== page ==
Pre-draft opinions from anonymous scouts and coaches can never be trusted

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As the draft approaches, more and more members of the media are exchanging opinions from anonymous scouts and coaches regarding the players who will be drafted later this week. Our advice this year is the same as every year.

Ignore these opinions.

Facts reported anonymously often fuel journalism, if those facts can be properly verified. Opinions reported anonymously mean nothing. They cannot be verified or debunked. These are opinions. Without knowing the biases or the prejudices or the objectives or the agendas of those who share these opinions without attaching their names to them, what is the point?

For the media, the point is obvious. Stories based on the opinions of anonymous scouts and coaches regarding the pros and cons of incoming players generate clicks, interest, buzz and so on. This does not make the basis of these stories any less reliable.

Think of the number of coaches and scouts employed in the NFL. Without knowing the name of the person expressing the opinion, there is immediately no way of knowing whether it should be taken into account.

Beyond the skills and abilities of the anonymous scout or coach who praises or belittles a prospect, there is another important reality. THEY LIE. And they have a good reason to lie. It’s a competitive process with teams dibbing on players before others can. Teams that want a certain player have two ways to try to get him: trade or hope he drops.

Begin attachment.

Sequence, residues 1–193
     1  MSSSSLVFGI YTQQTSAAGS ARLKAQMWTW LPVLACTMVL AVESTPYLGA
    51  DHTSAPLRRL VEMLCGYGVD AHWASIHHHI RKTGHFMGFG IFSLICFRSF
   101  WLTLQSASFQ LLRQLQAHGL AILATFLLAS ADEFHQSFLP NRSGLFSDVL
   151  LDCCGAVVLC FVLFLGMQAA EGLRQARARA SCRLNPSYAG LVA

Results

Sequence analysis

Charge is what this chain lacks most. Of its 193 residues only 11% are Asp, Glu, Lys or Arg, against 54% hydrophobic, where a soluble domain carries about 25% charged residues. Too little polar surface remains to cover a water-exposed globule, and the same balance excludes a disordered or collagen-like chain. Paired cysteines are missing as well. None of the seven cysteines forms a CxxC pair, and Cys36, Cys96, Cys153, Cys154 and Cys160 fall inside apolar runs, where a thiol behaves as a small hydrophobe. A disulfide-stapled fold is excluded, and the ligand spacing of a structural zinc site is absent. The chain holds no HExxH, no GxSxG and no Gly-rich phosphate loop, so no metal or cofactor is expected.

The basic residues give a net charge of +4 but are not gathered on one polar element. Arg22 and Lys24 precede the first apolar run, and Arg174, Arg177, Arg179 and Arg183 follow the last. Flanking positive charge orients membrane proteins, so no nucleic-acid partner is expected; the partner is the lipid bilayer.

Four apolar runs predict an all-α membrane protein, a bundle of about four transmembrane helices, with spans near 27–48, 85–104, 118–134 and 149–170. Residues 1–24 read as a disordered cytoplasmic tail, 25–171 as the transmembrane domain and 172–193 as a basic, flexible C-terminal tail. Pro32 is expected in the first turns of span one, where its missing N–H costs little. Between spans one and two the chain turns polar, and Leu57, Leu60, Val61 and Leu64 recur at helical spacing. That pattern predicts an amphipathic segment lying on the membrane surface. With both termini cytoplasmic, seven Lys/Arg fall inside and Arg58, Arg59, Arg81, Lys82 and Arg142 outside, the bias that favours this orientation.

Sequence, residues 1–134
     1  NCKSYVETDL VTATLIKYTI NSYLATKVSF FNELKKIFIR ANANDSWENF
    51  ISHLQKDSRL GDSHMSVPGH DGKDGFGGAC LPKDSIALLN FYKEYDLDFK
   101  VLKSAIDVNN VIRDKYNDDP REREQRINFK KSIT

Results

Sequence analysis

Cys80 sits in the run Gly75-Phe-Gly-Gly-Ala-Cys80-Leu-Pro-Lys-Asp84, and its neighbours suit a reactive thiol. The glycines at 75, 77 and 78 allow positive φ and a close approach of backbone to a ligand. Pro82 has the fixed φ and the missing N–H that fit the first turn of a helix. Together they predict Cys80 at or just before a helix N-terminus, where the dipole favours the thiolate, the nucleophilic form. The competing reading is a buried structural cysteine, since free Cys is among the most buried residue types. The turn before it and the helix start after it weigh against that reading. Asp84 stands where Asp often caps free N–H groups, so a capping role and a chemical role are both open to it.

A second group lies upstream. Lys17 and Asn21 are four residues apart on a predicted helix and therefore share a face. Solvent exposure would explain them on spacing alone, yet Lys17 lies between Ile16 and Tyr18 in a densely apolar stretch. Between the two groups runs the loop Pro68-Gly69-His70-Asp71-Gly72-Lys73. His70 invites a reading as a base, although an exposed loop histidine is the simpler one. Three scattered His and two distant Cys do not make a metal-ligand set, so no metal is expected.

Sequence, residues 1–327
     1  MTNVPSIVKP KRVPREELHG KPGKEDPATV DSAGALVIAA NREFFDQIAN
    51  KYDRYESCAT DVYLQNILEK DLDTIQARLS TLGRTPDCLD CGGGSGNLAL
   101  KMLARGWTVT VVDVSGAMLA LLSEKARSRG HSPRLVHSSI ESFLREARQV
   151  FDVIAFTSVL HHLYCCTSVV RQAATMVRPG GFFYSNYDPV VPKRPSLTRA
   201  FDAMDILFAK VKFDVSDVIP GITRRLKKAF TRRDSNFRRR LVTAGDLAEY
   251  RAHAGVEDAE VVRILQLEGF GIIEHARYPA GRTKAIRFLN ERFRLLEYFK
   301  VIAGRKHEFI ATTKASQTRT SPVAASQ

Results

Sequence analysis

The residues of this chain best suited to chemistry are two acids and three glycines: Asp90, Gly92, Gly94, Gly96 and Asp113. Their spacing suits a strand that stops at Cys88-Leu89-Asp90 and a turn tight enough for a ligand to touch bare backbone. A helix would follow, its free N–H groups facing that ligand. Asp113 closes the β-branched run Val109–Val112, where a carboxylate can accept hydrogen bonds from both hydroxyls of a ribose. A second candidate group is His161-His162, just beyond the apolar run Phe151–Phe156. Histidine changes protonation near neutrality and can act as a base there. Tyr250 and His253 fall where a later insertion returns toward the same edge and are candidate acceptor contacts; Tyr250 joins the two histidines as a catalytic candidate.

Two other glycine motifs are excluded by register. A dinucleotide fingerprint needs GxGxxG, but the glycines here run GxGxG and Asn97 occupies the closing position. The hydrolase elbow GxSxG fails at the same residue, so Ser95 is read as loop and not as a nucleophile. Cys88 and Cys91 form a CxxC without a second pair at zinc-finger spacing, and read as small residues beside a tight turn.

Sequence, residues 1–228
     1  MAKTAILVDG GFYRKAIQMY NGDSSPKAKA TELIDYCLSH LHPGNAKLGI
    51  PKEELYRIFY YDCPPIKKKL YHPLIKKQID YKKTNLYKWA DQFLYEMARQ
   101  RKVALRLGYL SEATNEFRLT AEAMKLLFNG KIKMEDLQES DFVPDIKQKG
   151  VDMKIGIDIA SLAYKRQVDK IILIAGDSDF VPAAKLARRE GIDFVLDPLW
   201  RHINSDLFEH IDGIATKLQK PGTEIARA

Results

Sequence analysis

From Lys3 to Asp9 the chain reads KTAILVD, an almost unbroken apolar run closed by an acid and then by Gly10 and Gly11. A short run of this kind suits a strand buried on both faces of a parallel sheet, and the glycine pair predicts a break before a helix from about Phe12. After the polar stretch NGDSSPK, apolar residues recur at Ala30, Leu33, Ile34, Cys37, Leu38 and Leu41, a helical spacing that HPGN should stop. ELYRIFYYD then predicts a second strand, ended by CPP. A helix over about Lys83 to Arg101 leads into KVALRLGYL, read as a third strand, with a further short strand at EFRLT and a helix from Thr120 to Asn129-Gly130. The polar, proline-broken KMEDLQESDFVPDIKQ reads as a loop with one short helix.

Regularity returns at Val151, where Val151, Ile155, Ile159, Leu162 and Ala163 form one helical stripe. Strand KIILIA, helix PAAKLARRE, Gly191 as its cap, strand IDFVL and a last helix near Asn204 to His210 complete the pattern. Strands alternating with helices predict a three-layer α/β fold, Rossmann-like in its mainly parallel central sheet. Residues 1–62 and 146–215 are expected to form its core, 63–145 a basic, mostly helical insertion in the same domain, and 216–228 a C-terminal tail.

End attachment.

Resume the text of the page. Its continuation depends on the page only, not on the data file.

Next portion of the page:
It’s always the first thing I think of when I see anonymous scouts or coaches hitting a prospect. They want him to fall so they can recruit him. Otherwise, why would they say anything about him?

If they don’t like it, their motivation is to keep quiet about the player’s flaws or, better yet, praise them. They want teams higher in the pecking order to take players they don’t want. This pushes their best prospects further down the board.

This basic reality makes the whole process of sharing anonymous opinions from scouts and coaches regarding draft prospects inherently suspect. It’s unfair to the public, and it’s definitely unfair to the players who have to put up with reporters presenting negative comments that scouts and coaches refuse to add their names to.

Some would say it doesn’t matter. It absolutely is. While most owners aren’t involved in the picks made in later rounds, they usually pay very close attention to the first-round picks their teams make. If an errant observation sticks in the boss’s throat, it may be enough to get the person running the show to make it clear that they don’t want that player on the team. And then the player falls.

And if he drops just enough, the team whose scouts or coaches anonymously broadcast negative opinions about the player will get exactly what they want – the ability to draft him.

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